How do you judge a speech, particularly a political speech? By what it achieves at the moment of delivery? Or should history be the true judge?
Recent events in Washington had Eliot Cohen pondering this question in an article last week in The Atlantic magazine. Cohen is dean of The Johns Hopkins University School of Advanced International Studies. From 2007 to 2009, he was the Counselor of the Department of State.
The article was prompted by Republic senator Mitt Romney’s decision to break ranks with his party and vote to convict President Trump of abuse of power at the climax of the impeachment trial.
Romney’s speech was widely applauded by commentators. The Washington Post said that, with his speech, Romney upended Senate Republicans’ staged exoneration of the president on the House articles of impeachment.
The president was easily acquitted because the Republicans had the numbers, notes the Post. But the day’s story – and possibly the longer-term narrative of the Trump impeachment, it suggested, may be about Romney’s stance.
Which brings me to Eliot Cohen’s article, pondering how you judge a speech like that delivered by Mitt Romney. “In the near term,” he writes, “that speech will do neither Romney nor his cause any good. The armies of trolls and sneering louts will come after him, their jeers all the louder because they emanate from a terrified emptiness within. Shambling, tongueless, and invertebrate politicians who deep down know better will resent Romney for having the courage to say what they believed, but dared not utter.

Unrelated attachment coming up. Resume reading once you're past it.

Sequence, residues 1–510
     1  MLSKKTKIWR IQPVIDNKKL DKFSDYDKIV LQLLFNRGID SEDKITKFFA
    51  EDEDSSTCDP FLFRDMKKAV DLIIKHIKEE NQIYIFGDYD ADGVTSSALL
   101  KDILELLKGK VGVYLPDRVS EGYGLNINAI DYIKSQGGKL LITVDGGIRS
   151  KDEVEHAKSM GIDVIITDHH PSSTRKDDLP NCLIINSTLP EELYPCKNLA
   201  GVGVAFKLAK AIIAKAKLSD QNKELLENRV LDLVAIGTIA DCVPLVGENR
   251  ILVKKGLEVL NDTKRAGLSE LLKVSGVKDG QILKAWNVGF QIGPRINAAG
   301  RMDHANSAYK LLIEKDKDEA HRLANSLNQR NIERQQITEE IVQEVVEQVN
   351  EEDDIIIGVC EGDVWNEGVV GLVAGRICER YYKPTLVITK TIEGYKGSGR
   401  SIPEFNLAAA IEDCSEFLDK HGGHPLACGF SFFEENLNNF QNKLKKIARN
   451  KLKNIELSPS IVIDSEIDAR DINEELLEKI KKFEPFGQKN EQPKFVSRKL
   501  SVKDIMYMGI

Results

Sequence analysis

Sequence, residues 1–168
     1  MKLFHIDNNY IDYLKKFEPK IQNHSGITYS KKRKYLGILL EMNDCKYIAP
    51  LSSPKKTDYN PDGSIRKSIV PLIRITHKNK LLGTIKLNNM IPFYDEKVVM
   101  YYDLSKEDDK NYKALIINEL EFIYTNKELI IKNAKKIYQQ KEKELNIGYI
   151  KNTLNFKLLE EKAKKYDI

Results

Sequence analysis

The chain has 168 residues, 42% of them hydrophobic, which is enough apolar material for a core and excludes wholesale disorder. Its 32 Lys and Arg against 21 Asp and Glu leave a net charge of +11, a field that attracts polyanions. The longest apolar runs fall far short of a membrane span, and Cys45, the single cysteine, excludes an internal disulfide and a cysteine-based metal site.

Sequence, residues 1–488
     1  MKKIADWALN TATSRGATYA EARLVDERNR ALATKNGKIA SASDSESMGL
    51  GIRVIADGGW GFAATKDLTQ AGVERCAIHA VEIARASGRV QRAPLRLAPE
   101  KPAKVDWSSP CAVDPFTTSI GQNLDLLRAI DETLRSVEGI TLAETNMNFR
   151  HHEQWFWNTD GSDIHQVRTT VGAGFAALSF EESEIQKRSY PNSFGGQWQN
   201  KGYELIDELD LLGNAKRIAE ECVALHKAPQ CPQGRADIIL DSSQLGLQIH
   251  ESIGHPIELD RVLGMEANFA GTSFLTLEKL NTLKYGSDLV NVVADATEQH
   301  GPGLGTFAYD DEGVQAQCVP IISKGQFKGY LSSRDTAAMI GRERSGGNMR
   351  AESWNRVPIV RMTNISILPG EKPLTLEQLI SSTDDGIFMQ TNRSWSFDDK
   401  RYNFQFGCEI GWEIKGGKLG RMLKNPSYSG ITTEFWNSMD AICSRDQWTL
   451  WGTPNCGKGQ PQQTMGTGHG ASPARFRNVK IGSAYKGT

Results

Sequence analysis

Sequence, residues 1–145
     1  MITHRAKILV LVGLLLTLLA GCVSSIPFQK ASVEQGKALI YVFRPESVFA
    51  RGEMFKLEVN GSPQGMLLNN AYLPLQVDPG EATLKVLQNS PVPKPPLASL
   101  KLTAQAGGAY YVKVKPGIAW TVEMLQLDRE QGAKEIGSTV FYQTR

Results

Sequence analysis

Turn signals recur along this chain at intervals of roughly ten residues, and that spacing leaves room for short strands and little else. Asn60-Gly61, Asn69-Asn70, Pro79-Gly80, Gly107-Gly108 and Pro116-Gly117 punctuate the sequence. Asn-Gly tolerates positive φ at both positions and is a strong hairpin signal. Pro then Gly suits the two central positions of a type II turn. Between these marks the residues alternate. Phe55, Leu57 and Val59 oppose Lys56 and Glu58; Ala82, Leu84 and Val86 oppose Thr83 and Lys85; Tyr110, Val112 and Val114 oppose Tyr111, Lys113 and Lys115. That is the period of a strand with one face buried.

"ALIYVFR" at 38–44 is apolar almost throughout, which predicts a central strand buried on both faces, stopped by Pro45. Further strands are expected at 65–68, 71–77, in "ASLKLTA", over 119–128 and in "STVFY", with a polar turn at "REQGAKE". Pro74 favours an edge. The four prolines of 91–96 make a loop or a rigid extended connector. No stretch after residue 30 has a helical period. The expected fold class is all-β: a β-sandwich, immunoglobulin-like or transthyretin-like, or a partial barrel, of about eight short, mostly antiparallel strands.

Romney had pulled no punches in his comments. He said things like:
- “Corrupting an election to keep oneself in office is perhaps the most abusive and destructive violation of one’s oath of office that I can imagine.”
- “Does anyone seriously believe I would consent to these consequences other than from an inescapable conviction that my oath before God demanded it of me?”
- “With my vote, I will tell my children and their children that I did my duty to the best of my ability, believing that my country expected it of me.”
And for phrases like those, says Eliot Cohen, the speech will last. “When future anthologies of great American political speeches are published by the Library of America, Romney’s remarks will be there. The language was American rhetoric at its best: not flowery and orotund, but clear and solid and stark.”
And he goes on: “Political speeches derive their power and durability from authenticity, from the way in which phrases and sentences seem to emanate directly from a personality and its vision. That is why Lincoln’s speeches will never lose their force: they captured the dignity, simplicity, and courage of the man who made them. Romney is no Lincoln, but he wrote the speech, and the voice is his.”
What can you bring to your speeches and presentations to make them truly memorable? It’s worth thinking about.
Neil Everton has distilled a lifetime’s experience with some of the world’s top news organizations into his Media Mastery training aids for anyone worried about talking to reporters. The video, books, e-books and workbooks are available in the Podium Coaching online store.